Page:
The seven-member Provo, Utah, City Council has put its unanimous stamp of approval on a deal that transfers its iProvo fiber optic network to Google (Nasdaq: GOOG) Fiber for $1, paving the way for Google's third gigabit Internet community following the Kansas City "fiberhoods" and Austin, Texas.
Unlike the first two cities, in which Google had to start from scratch, Google Fiber goes into Provo with a leg up since it has an existing municipal network on which to layer its high-speed network. To get the network, Google agreed to pay $1 and provide basic 5 Mbps Internet connectivity to all Provo residents for seven years. Google also said it will upgrade the existing network so everyone in the city has access and will offer free gigabit service to 25 public institutions, including schools and recreation centers.
Provo taxpayers, already dinged by the expensive and financially troubled iProvo network, will end up paying off the $39 million bond the city issued to build the network and some other financial obligations revealed by Mayor John Curtis, a story in the Salt Lake City Tribune stated.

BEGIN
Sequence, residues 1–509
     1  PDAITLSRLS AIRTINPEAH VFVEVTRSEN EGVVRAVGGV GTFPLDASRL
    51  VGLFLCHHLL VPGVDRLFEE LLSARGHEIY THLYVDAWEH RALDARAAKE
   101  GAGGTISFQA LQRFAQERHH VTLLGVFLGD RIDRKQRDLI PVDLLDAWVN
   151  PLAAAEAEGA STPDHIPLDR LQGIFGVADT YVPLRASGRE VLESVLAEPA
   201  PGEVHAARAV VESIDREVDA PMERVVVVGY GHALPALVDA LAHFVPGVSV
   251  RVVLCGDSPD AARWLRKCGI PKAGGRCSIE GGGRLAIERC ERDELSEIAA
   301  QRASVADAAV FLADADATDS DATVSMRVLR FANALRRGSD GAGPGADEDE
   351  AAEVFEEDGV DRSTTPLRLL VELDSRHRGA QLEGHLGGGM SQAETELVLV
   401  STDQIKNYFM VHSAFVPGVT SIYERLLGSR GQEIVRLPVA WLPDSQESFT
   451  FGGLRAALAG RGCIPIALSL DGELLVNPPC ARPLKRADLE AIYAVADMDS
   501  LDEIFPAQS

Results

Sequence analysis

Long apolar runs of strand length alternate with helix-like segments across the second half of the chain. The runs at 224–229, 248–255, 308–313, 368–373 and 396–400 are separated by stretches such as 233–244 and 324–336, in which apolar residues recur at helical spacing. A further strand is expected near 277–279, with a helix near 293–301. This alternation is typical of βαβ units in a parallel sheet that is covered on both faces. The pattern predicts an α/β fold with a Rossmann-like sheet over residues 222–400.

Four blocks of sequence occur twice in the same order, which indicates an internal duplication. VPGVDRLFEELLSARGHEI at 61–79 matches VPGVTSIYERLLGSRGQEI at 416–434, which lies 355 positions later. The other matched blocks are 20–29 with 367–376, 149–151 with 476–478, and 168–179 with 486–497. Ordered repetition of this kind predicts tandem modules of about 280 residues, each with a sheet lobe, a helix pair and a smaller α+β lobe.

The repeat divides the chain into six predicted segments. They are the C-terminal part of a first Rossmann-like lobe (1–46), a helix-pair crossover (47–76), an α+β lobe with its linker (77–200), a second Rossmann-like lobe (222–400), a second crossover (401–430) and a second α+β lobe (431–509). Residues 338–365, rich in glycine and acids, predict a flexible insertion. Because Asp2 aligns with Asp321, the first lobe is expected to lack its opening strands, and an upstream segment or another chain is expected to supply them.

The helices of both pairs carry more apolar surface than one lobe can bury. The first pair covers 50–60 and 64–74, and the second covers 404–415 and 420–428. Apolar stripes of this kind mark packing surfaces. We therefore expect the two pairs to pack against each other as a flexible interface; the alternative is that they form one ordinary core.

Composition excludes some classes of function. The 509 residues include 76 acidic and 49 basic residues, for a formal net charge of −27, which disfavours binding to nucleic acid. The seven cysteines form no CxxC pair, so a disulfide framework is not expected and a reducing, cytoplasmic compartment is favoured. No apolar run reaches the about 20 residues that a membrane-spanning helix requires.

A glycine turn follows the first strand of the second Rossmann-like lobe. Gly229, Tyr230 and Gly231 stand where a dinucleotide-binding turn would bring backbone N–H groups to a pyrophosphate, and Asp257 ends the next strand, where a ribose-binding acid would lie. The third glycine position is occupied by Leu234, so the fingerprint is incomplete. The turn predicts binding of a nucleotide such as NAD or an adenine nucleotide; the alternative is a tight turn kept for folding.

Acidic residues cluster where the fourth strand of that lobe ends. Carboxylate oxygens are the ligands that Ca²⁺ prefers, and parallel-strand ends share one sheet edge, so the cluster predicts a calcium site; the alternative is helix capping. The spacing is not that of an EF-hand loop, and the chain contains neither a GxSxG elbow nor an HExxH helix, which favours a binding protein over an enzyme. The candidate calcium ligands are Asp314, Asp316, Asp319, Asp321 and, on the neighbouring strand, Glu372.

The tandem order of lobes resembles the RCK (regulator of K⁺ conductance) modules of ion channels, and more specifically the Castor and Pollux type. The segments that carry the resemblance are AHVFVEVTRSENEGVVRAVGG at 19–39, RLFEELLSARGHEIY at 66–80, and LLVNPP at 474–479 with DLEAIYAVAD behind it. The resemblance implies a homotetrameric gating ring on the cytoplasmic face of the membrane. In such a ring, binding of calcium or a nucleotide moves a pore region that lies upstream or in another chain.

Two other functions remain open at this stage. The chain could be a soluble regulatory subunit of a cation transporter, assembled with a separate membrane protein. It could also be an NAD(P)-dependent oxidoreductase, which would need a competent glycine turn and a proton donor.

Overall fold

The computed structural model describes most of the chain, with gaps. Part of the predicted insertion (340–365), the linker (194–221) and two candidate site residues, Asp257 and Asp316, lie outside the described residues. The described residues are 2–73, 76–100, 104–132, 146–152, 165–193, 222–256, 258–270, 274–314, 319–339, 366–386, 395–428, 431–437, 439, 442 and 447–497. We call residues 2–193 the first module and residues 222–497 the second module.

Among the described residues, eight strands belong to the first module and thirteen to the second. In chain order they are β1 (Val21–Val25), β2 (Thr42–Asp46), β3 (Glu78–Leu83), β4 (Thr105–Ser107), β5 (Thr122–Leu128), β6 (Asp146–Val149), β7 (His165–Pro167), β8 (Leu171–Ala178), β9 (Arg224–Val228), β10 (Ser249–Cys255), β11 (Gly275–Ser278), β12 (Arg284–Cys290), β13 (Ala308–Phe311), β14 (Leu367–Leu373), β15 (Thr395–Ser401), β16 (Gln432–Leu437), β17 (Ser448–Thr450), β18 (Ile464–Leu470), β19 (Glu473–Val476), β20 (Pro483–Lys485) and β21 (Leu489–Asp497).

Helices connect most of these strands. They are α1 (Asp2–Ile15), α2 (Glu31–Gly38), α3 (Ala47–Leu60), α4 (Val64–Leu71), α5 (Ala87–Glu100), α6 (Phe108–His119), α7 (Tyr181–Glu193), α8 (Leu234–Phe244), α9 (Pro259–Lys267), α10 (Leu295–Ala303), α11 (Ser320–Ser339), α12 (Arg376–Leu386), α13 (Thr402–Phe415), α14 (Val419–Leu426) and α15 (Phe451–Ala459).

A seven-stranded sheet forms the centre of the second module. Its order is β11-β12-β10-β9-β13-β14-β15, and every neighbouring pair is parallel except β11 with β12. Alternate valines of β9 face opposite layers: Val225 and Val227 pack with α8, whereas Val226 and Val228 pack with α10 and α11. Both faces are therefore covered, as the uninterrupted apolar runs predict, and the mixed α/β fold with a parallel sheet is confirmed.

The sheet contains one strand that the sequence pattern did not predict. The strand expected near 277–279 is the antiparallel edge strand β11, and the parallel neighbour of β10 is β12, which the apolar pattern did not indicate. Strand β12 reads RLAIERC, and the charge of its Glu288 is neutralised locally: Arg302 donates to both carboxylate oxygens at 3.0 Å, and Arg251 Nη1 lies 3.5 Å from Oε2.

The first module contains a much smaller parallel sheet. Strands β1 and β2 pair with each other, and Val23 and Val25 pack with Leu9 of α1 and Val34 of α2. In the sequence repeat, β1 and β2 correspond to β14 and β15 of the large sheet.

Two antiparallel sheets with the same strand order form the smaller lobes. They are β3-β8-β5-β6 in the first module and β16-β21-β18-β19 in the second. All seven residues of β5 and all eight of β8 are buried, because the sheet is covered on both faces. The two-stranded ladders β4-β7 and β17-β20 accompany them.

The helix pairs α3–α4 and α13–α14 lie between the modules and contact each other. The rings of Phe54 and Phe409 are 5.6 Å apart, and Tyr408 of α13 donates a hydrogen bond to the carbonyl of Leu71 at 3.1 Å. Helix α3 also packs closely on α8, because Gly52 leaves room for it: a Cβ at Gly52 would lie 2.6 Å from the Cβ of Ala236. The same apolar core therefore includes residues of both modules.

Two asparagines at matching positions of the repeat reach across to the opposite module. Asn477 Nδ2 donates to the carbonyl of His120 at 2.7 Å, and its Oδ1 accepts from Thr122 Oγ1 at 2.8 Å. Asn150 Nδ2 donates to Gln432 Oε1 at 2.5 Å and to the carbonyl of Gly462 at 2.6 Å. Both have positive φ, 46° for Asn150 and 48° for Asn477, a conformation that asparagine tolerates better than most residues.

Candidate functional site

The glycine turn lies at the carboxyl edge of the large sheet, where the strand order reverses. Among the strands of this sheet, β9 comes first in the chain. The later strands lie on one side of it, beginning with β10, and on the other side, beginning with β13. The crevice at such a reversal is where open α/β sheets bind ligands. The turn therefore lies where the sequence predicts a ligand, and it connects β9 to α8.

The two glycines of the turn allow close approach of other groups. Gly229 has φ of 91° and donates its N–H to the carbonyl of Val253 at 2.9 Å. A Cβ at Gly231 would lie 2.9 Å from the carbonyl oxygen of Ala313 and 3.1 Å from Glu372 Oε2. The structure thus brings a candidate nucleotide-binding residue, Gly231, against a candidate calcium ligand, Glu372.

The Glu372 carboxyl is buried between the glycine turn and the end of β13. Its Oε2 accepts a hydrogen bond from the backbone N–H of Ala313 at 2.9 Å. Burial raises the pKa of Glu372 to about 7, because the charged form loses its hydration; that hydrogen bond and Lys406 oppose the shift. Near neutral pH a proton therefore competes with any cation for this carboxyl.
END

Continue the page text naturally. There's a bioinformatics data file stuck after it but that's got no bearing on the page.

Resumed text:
These financial obligations include $722,000 for equipment needed to continue using the gigabit service for government operations already on the network, including traffic lights and police and fire services. Google, in turn, will lease the network itself to the city for free for 15 years. The city is also obligated to pay a civil engineering firm $500,000 to determine where fiber optic cables are buried, since the construction company that installed them didn't keep records of where they put them, and $500,000 for an insurance policy to mitigate legal damages "should Provo's network not be presented to Google as promised," the newspaper story said.
Even with all of that, residents at a public hearing seemed excited about the prospects of becoming a Google Fiber city, the story said.
"There are serious questions about the costs," Royce Van Tassell, vice president of the Utah Taxpayers Association, said. "That said, given all the situation, this is a quantum leap… it's probably the best we can do."
On the other side of that coin, incumbent ISP CenturyLink (NYSE: CTL) wasn't nearly so pleased, and asked for a 30-day delay on the vote because the city had not provided ample time or opportunity for other competitors to bid on the network. That request was declined.
- the Salt Lake City Tribune carried this story
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